When creating a trust, the selection of trustee is of paramount importance. Typically, the creator of the trust would declare himself or herself as the initial trustee—to serve as such as long as he/she is alive and mentally competent. For a joint spousal trust, this would generally entail having joint trustees (the spouses). Trustee selection becomes more central when determining who to name as “successor” trustee—in other words, who will serve as trustee after the creator dies (or becomes mentally incompetent). The successor trustee will fulfill two general duties: (1) manage trust assets prior to distribution (investment, etc.) and (2) make trust distributions within the parameters established within the trust document.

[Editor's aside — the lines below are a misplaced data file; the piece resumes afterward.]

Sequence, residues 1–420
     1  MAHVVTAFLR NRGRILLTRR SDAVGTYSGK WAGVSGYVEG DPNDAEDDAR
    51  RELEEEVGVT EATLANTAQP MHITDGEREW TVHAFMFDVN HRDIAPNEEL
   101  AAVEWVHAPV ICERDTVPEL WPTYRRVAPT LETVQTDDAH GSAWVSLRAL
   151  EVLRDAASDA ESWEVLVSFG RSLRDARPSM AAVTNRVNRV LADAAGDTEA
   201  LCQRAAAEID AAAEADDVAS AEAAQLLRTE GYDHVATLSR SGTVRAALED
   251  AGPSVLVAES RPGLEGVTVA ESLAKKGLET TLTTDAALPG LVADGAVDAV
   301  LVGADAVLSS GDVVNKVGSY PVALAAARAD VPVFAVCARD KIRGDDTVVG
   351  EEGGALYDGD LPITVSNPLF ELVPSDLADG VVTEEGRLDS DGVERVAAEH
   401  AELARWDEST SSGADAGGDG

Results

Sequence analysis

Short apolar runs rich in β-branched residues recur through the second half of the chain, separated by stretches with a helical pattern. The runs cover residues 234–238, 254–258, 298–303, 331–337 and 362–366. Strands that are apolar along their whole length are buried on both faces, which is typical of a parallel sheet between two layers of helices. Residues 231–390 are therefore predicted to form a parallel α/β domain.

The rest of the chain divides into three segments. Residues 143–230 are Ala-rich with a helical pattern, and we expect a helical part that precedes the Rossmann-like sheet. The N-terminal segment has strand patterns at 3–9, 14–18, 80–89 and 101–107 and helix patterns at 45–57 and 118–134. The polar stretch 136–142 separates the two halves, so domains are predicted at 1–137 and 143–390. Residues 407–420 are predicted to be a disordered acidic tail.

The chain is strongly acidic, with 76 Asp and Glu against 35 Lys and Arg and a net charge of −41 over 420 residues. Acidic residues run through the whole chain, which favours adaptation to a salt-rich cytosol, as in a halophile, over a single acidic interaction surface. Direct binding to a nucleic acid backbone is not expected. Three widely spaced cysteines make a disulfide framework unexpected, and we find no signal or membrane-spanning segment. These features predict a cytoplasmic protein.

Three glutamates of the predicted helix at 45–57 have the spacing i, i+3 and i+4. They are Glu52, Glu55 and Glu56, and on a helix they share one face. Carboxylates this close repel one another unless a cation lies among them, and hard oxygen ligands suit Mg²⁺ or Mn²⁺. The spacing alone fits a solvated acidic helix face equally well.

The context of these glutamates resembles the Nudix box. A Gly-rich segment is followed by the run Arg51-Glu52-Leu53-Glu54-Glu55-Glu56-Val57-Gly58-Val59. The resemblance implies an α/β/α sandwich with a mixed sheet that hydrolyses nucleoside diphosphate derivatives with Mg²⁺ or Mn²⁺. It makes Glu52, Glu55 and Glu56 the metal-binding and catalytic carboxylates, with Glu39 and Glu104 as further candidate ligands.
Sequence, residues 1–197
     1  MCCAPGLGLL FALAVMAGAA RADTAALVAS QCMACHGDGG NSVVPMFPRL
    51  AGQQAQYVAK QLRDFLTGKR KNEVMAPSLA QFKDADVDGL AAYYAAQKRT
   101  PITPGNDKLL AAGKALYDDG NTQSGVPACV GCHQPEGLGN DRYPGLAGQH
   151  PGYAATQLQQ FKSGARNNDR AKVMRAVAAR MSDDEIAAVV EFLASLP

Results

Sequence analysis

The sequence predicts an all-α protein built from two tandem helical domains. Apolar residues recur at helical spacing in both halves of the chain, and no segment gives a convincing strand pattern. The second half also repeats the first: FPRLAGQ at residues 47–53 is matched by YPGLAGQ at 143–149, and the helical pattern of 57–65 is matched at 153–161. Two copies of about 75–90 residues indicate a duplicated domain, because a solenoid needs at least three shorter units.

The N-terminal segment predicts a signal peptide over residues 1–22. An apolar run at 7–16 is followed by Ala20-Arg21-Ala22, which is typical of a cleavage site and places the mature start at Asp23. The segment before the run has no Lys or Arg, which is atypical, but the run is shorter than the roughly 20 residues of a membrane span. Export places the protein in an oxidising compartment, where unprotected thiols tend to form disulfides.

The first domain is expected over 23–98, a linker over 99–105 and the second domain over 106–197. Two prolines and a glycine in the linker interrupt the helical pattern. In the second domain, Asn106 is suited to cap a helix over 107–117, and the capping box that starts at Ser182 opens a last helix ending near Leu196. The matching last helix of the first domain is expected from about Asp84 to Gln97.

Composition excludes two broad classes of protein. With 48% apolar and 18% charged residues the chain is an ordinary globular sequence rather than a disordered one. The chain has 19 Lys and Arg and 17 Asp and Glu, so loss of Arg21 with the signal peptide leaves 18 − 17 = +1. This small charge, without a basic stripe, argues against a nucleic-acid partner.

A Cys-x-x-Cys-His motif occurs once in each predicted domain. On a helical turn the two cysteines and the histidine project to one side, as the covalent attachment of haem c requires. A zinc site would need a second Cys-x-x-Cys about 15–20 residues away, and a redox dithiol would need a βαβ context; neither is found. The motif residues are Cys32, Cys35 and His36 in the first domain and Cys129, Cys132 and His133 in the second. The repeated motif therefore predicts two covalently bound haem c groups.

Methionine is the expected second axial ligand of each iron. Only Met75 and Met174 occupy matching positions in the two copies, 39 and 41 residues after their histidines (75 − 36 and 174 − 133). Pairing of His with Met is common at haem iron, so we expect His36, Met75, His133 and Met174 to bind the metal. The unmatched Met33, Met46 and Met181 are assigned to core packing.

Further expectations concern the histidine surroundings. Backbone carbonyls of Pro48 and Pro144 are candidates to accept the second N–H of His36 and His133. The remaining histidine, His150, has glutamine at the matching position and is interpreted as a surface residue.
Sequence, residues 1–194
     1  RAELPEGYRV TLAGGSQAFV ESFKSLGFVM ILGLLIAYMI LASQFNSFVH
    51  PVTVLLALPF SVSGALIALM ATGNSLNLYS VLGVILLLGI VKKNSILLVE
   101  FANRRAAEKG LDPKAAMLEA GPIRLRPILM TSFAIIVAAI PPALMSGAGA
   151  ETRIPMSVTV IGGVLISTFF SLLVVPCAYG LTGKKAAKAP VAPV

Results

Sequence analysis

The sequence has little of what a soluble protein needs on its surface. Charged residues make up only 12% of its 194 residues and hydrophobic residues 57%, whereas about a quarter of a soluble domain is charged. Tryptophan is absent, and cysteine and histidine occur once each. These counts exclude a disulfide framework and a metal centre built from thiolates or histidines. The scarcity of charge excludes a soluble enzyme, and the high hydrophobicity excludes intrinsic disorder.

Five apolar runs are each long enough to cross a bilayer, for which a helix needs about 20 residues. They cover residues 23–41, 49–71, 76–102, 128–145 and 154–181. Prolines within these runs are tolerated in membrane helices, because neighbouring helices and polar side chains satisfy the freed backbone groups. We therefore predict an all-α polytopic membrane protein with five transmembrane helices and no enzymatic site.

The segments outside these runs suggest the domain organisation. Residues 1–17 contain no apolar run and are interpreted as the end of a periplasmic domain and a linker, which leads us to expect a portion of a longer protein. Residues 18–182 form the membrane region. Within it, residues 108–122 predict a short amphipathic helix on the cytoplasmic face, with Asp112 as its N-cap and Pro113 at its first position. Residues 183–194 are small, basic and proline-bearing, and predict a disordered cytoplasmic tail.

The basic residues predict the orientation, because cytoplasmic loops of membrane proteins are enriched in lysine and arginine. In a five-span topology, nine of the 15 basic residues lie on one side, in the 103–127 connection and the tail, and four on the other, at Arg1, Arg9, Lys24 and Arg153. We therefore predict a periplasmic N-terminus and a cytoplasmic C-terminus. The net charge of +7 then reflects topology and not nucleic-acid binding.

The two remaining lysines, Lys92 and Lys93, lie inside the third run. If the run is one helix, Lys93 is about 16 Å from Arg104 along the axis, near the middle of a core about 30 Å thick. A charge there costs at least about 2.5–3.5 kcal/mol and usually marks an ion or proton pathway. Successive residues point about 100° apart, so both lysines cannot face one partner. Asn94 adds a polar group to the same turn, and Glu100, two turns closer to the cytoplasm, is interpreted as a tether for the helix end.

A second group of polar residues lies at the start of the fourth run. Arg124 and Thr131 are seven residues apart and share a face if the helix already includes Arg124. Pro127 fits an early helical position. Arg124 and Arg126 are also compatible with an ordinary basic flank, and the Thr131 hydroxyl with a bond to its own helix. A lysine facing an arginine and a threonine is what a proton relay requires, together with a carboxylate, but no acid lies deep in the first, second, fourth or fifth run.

When counseling clients regarding selection of a successor trustee, I generally emphasize the important characteristics of (i) financial acumen, (ii) trustworthiness, (iii) communication skills and (iv) a commitment to understanding and carrying out the client’s wishes. Often, a close family member is well situated to serve as a successor trustee. Other times, a friend or professional colleague is best suited for this role. We also frequently consider the possibility of an institutional trustee (bank, lawyer, trust company, etc.). For most clients, an institutional trustee is not ideal due to the related fees—but there are situations where this is preferred. Every situation and every client is different, so there is truly no one-size-fits-all answer to trustee selection.